E-mails come in handy for Maoists
K. Srinivas Reddy
Technological advances have come as a morale booster
# Developing rocket launcher technology for 4 years
# `Dead letter box' system makes interception difficult
HYDERABAD: Technology coupled with innovation can be a lethal combination, as Maoists have proved in Andhra Pradesh.
If e-mail comes in handy for them to flash messages from solar-powered laptops, the modern wireless communication sets are used to detonate landmines. It is not just the AK-47 rifle that provides a lethal advantage to the rebels; indigenously developed, shoulder-fired rocket launchers have been added to their ever-growing arsenal.
The seizure of 875 rockets and 28 rocket launchers in Prakasam and Mahabubnagar districts by the police on Friday has baffled authorities, who suspect that the Maoists were indeed planning to launch military assaults on security forces on a very large scale.
The authorities believe that the rebels could be planning a wave of simultaneous attacks on police stations and other high-security targets, to keep up the sagging morale of the naxalite cadres in the backdrop of serious reversals the revolutionary movement suffered in the recent times.
With the Maoists scaling down their level of movement and `tactically' confining the cadres to jungles in Andhra Pradesh, the recent technological advances have come as a morale-booster.
The Maoists were trying for the last four years to develop and improve the rocket launcher technology on their own.
It was in the Malkangiri forests of Orissa in 2002 that the police found that the Maoists had in their possession the designs of rocket launchers.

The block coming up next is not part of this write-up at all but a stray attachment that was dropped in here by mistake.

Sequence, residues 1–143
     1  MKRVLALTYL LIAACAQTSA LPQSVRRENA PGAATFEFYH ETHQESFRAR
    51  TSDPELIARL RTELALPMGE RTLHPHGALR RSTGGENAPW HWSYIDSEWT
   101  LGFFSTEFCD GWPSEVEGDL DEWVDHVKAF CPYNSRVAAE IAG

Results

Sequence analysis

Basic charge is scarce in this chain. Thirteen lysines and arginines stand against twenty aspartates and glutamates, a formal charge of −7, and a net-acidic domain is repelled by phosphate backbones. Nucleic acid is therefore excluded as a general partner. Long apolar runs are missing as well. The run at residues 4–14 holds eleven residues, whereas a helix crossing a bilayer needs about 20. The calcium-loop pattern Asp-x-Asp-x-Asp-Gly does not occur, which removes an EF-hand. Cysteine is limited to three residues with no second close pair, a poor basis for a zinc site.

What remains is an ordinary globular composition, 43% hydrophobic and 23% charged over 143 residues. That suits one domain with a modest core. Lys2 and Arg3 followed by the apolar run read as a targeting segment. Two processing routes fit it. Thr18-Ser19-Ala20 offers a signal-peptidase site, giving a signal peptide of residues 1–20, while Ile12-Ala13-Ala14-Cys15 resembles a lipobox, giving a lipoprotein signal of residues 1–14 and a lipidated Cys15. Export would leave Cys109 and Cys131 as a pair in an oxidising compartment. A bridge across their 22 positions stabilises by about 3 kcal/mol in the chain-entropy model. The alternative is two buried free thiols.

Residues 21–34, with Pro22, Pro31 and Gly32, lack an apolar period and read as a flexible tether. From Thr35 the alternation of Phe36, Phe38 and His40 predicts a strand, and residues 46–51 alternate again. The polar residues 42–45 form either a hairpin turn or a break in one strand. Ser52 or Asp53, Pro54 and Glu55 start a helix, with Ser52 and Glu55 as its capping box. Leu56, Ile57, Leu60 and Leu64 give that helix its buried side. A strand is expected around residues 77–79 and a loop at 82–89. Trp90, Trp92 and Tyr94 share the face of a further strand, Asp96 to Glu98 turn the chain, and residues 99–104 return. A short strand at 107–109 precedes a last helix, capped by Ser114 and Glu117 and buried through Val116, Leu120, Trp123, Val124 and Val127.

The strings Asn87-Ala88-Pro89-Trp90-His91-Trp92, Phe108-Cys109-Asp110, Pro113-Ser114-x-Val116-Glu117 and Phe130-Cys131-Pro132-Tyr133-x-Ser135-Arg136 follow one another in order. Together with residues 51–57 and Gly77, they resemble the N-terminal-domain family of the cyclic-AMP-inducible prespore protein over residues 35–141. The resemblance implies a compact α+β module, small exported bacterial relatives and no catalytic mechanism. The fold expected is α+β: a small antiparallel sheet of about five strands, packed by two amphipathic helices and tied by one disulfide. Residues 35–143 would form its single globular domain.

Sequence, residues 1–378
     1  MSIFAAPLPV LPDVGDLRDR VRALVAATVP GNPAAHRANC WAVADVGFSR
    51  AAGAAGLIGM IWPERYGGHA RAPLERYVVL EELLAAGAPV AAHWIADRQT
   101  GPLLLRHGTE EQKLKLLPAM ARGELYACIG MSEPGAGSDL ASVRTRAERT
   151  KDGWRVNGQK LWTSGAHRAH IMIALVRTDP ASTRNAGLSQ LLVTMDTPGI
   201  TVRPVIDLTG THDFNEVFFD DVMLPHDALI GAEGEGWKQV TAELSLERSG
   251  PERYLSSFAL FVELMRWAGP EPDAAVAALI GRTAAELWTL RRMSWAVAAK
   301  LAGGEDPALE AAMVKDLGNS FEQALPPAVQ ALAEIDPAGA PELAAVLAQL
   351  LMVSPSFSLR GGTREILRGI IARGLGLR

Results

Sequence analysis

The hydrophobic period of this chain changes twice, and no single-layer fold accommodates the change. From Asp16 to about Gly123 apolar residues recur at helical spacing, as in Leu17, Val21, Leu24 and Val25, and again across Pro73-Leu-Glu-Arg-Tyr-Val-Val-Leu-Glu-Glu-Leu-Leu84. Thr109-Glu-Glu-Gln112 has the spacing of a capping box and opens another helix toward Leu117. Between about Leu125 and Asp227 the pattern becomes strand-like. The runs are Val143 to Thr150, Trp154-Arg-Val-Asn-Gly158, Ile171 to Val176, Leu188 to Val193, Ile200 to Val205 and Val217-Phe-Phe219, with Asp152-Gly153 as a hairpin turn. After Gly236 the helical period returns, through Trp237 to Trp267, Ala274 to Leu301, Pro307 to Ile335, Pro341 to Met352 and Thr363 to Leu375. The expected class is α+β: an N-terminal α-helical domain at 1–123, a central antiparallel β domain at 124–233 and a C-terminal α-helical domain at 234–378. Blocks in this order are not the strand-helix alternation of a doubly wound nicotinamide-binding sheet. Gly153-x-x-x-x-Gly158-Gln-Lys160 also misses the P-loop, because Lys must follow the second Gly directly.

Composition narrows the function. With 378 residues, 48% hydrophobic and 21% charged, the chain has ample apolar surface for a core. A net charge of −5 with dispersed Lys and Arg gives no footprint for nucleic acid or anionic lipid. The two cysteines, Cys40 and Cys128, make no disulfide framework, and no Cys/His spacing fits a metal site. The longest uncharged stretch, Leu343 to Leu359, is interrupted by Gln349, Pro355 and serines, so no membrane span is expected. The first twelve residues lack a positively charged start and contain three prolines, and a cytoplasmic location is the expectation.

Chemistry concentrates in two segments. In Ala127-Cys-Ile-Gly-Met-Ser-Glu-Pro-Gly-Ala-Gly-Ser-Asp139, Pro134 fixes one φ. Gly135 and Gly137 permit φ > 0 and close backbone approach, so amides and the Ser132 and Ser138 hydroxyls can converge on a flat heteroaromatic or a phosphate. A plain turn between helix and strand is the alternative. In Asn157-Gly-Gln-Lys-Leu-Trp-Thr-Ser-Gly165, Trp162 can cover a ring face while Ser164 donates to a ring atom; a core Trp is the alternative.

In a joint operation in the Kalimela forests (Orissa) in June 2003, the Orissa and Andhra Pradesh police busted a weapon-making unit, where designs and some prototypes of rockets were found. The police, however, dismissed the prototype as crude.
A top naxalite leader Sakhamuri Appa Rao, member of the Maoist AP State Committee, is believed to have argued for technological improvement of weapons. He convinced the Central Committee to allocate sufficient funds for developing IEDs and rocket launchers and for procuring state-of-the art wireless communication sets.
It was Mr. Rao, who put forth the innovation to use wireless sets for detonating landmines, hitherto done using a camera flash connected through a wire to the mine. But he found that advanced wireless sets (Icomm make) provided the advantage of communicating only with a particular set .
Called the `handshake,' the two Icomm sets are fed with a four-digit password. At the press of the button, the second set gets activated. It is connected to an electronic detonator embedded in gelatin stuffed in a suitcase.
If these are two recent technological advances, the Maoists made rapid strides in improving their communication. The rebels are known to use laptops, powered by solar batteries, to use e-mail.
They are found using a `dead letter box' system, where the sender and the receiver share a common e-mail ID and password.
The message is not sent but stored in the drafts folder. The recipient will log in to the e-mail ID and check it. This system, the police say, makes interception difficult because they can intercept only mails sent and not saved `drafts'.